STOURBRIDGE Community Development Trust has launched an innovative programme to offer a range of skills to the next generation.

The trust has been working with Ridgewood High School in Wollaston on a pilot project, which aims to help secondary school pupils to develop their skills and knowledge in design and craftsmanship.

Supported by councillors and the Police Crime Commissioners’ Active Citizens Fund - the scheme - called Square Pegs - aims to equip young learners with industry skills to open up their potential and it has a specific focus on working with children with special educational needs.

Simon Beckett, design tech at Ridgewood High School, said the project has already kicked off and products made by the youngsters including original, handmade Christmas decorations are now on sale in the Made in Stourbridge shop in Stourbridge's Ryemarket shopping centre.

He continued: "Pupils will learn a range of skills from traditional wood and metal working with hand tools right through to CAD, laser CNC and 3D printing, product marketing and even some sales experience in the shop.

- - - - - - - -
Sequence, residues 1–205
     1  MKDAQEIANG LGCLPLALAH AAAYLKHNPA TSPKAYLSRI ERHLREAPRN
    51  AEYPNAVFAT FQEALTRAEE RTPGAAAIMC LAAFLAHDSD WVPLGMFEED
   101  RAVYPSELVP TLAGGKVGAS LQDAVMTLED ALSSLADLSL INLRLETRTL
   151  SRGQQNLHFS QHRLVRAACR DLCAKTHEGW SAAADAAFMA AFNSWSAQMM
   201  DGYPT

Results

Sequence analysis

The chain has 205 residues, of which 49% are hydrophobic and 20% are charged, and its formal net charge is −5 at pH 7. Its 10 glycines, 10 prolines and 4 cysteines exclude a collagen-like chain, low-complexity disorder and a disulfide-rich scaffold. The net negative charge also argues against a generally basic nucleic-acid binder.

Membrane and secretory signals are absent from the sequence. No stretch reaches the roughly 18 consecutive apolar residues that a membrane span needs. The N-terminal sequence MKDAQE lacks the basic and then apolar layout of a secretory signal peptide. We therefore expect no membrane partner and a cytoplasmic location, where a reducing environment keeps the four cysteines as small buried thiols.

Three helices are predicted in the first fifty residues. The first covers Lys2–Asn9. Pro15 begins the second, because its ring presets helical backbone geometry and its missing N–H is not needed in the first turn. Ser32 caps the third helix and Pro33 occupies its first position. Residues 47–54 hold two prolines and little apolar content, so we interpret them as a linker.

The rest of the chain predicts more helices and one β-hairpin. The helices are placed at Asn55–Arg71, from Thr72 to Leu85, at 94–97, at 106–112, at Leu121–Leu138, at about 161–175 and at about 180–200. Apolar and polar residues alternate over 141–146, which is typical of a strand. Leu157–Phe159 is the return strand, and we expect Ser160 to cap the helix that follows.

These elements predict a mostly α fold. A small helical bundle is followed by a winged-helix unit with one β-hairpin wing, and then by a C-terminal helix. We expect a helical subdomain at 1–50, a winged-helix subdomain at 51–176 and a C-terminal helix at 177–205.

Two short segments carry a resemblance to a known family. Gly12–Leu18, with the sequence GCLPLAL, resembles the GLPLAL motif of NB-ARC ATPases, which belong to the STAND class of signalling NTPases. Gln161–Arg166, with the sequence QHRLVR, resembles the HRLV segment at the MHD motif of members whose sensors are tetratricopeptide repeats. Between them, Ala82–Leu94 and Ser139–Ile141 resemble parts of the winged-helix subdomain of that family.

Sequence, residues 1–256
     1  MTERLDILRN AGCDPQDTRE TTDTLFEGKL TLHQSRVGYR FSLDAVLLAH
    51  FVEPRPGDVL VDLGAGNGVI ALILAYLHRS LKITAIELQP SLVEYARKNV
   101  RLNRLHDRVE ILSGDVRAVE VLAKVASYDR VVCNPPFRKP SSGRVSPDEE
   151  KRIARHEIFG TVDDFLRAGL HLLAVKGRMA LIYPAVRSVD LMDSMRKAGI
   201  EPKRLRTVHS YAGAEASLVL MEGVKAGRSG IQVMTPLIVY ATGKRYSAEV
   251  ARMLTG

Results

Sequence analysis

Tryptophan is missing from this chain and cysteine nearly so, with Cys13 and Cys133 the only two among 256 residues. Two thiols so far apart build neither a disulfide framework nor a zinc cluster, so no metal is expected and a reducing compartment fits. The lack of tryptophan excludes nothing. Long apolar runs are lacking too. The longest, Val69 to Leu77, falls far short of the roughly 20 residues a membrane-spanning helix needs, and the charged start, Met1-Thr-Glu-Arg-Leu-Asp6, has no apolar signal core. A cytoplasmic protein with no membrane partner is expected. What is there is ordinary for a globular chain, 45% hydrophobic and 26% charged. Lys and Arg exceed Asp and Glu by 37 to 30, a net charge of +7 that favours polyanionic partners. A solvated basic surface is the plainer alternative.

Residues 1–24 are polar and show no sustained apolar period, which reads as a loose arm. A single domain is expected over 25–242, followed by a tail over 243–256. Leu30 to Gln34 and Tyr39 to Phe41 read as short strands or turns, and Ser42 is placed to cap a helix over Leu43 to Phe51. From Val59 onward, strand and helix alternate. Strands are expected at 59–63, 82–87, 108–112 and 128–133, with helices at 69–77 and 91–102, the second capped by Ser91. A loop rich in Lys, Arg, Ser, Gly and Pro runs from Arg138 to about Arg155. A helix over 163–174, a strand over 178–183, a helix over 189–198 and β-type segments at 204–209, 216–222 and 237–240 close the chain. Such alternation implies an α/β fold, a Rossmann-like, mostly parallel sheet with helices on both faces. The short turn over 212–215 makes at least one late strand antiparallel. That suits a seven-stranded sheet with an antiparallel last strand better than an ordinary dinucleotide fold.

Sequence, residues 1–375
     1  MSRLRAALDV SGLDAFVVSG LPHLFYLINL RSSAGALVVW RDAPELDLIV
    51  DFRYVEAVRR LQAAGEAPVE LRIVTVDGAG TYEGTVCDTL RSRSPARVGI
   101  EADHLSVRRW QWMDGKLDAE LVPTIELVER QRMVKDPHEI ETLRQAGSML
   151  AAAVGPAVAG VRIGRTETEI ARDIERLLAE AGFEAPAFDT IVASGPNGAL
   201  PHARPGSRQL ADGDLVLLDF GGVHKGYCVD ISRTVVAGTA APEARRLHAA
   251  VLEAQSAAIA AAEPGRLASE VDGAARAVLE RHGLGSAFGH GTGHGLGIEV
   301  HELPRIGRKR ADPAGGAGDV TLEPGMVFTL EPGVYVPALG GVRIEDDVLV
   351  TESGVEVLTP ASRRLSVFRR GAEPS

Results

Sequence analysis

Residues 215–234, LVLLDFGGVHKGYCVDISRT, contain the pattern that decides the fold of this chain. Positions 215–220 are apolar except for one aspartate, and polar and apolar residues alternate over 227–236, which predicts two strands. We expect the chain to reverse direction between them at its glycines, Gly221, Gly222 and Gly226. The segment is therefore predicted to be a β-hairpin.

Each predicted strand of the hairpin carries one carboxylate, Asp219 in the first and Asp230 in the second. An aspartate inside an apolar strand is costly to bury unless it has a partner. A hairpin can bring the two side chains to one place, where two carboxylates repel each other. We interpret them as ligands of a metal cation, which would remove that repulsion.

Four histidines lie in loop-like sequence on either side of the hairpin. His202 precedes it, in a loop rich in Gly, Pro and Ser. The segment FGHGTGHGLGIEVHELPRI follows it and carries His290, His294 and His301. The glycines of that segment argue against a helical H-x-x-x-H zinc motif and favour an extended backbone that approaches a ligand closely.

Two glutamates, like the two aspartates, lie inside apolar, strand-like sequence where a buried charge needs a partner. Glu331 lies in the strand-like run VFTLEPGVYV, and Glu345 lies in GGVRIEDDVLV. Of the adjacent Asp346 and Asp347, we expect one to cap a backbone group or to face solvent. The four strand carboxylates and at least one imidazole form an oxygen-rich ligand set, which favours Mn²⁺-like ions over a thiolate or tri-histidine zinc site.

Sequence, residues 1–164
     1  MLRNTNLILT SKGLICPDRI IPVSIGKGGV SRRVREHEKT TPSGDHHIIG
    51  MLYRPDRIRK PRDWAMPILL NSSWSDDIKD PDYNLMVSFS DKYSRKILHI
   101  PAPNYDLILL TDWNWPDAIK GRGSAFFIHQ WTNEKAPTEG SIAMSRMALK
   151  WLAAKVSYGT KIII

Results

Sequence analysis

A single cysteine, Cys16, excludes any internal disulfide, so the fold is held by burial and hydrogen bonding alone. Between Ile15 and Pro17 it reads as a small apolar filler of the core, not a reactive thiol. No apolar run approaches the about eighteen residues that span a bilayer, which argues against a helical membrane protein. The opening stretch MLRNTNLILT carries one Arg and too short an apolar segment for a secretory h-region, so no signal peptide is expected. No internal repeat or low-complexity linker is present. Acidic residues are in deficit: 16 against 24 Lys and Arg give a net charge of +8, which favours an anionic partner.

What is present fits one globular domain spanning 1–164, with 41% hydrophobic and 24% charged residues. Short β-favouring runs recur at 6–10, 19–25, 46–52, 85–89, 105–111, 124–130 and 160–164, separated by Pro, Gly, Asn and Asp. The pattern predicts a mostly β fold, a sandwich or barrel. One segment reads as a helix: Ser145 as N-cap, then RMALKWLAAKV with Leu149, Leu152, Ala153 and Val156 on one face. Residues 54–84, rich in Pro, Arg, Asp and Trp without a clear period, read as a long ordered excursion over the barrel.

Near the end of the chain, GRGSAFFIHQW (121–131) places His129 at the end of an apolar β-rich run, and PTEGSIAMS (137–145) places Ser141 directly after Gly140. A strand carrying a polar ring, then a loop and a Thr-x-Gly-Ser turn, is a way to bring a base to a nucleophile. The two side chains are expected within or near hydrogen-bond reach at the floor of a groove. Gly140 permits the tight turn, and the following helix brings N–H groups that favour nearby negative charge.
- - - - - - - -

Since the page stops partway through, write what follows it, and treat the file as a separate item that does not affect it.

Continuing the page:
"They will also gain a great deal of knowledge from visiting industry experts and develop social skills and confidence by selling the products themselves."

Anthony Hughes, a director of the Trust, said: “The pupils will gain a range of personal skills that they can then use to access apprenticeships, to enhance their employability or to start their own business.

"It’s a wide ranging approach to deal with the gap in the UK skilled labour sector and ultimately, we hope, to boost the local economy here in the town.

"We are establishing some great industry stakeholder support such as Dyson Foundation who will provide dedicated learning kits for the pupils to use and inspire their own designs Made By Ridgewood."

Profits from the sale of the Ridgewood school pupils' Christmas decorations will be reinvested back into the Square Pegs programme.